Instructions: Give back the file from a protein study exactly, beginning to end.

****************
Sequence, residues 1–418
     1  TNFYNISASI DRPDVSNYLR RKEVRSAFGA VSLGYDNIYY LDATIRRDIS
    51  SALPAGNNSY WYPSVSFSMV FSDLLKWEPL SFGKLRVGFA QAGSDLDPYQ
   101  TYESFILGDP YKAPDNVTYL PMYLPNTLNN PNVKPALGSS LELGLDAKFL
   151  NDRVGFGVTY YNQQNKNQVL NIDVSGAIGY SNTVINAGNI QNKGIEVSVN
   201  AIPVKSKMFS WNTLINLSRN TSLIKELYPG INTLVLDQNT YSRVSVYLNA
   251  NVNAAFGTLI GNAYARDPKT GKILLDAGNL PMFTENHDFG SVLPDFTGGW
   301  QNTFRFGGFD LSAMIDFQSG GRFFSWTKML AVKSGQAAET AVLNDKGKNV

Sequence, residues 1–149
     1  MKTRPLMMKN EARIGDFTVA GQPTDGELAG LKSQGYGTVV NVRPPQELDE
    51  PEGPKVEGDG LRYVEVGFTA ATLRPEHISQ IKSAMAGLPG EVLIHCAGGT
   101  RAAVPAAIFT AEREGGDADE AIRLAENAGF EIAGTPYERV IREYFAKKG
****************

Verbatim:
Sequence, residues 1–418
     1  TNFYNISASI DRPDVSNYLR RKEVRSAFGA VSLGYDNIYY LDATIRRDIS
    51  SALPAGNNSY WYPSVSFSMV FSDLLKWEPL SFGKLRVGFA QAGSDLDPYQ
   101  TYESFILGDP YKAPDNVTYL PMYLPNTLNN PNVKPALGSS LELGLDAKFL
   151  NDRVGFGVTY YNQQNKNQVL NIDVSGAIGY SNTVINAGNI QNKGIEVSVN
   201  AIPVKSKMFS WNTLINLSRN TSLIKELYPG INTLVLDQNT YSRVSVYLNA
   251  NVNAAFGTLI GNAYARDPKT GKILLDAGNL PMFTENHDFG SVLPDFTGGW
   301  QNTFRFGGFD LSAMIDFQSG GRFFSWTKML AVKSGQAAET AVLNDKGKNV

Sequence, residues 1–149
     1  MKTRPLMMKN EARIGDFTVA GQPTDGELAG LKSQGYGTVV NVRPPQELDE
    51  PEGPKVEGDG LRYVEVGFTA ATLRPEHISQ IKSAMAGLPG EVLIHCAGGT
   101  RAAVPAAIFT AEREGGDADE AIRLAENAGF EIAGTPYERV IREYFAKKG